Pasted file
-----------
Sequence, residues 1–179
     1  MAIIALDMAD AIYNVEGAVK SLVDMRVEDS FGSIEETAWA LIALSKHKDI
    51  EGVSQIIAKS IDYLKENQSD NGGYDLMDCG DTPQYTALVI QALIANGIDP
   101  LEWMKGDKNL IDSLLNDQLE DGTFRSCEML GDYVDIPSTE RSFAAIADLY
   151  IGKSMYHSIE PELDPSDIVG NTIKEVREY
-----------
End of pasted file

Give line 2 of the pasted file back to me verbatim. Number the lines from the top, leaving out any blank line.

     1  MAIIALDMAD AIYNVEGAVK SLVDMRVEDS FGSIEETAWA LIALSKHKDI